specs is offline  
Oct 18th, 2007, 01:50 PM
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I always use a Rick Steves and a Frommers. Rick's books cover a limited number of locations, but I find his books useful for those places.

I agree that you are trying to cover too many places. I'd follow Rick's advice that you should assume to will be back and choose only one country on which to concentrate.

I have found his "Europe through the Back Door" to be quite useful for general information and ideas about independent travel.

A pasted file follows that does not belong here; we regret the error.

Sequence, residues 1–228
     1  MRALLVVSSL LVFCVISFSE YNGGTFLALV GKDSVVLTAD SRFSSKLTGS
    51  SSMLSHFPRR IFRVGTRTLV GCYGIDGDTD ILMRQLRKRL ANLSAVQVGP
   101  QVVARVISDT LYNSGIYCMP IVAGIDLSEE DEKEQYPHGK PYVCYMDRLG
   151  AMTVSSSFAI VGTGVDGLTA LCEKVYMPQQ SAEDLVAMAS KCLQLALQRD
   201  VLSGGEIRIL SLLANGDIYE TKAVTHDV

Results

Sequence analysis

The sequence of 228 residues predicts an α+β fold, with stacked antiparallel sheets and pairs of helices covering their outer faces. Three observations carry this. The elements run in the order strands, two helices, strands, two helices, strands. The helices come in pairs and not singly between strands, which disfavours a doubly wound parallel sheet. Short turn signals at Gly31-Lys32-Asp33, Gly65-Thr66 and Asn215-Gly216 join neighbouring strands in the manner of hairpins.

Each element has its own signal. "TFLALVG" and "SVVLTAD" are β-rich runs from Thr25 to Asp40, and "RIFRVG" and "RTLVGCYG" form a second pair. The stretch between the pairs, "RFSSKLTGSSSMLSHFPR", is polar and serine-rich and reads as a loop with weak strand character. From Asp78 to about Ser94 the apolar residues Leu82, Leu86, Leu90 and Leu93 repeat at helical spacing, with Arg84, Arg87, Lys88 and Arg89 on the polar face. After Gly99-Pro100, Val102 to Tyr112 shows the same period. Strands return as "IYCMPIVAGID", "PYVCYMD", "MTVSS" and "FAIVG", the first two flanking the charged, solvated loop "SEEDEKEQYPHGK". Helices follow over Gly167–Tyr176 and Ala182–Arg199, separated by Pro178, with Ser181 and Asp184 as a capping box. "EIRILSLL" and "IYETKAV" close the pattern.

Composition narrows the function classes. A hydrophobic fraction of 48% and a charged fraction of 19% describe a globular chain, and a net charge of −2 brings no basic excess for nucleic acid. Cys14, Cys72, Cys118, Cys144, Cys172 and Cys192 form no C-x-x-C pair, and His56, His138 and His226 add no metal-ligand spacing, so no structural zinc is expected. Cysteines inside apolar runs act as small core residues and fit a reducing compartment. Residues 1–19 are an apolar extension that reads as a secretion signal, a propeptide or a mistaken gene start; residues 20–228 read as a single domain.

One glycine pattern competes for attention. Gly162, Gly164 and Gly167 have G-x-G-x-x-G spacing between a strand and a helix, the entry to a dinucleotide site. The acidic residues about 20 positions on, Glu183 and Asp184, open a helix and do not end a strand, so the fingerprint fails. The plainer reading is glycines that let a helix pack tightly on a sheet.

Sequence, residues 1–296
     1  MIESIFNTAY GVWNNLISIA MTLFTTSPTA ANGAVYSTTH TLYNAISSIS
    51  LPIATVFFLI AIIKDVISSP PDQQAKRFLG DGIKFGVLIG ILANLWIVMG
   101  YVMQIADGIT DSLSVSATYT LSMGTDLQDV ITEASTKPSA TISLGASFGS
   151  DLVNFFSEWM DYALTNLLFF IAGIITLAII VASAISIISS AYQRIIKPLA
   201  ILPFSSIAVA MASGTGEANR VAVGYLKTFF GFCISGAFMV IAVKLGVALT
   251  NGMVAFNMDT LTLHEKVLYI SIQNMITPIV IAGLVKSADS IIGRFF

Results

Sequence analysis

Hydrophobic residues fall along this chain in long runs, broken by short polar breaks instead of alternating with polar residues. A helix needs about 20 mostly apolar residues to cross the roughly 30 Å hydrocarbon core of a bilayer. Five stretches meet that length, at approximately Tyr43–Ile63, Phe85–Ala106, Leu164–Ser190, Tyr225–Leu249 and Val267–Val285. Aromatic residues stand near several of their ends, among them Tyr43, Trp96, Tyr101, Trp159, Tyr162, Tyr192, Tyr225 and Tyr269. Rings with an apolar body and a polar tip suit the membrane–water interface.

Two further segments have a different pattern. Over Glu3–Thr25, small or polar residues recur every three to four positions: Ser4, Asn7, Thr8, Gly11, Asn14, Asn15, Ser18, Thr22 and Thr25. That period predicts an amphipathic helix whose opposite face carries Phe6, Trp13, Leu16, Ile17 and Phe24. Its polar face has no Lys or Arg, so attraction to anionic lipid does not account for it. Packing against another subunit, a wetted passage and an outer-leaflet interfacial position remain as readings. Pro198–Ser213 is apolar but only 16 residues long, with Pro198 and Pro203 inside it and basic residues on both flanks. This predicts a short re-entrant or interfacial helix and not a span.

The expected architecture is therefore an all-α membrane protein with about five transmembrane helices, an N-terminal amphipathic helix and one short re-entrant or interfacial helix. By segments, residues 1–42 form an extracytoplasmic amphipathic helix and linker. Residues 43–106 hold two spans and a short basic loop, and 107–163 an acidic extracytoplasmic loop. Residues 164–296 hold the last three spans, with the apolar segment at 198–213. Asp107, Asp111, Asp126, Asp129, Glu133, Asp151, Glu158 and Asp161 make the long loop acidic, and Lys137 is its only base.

Pegontheroad is online now  
Oct 18th, 2007, 01:53 PM
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Connie, I think Rick Steves' books are really quite helpful and to the point. We just got back from London/ Cotswold and Paris and I tore off sections of his book as we went out and about each day. They may not give too much detail, but he provides a lot of pertinent information that is easy to find and makes life really easy. His recommendations were on the money and really useful so I would say certainly look at his books on the countries you are interested in. HIs books are really helpful to first timers!
NE is offline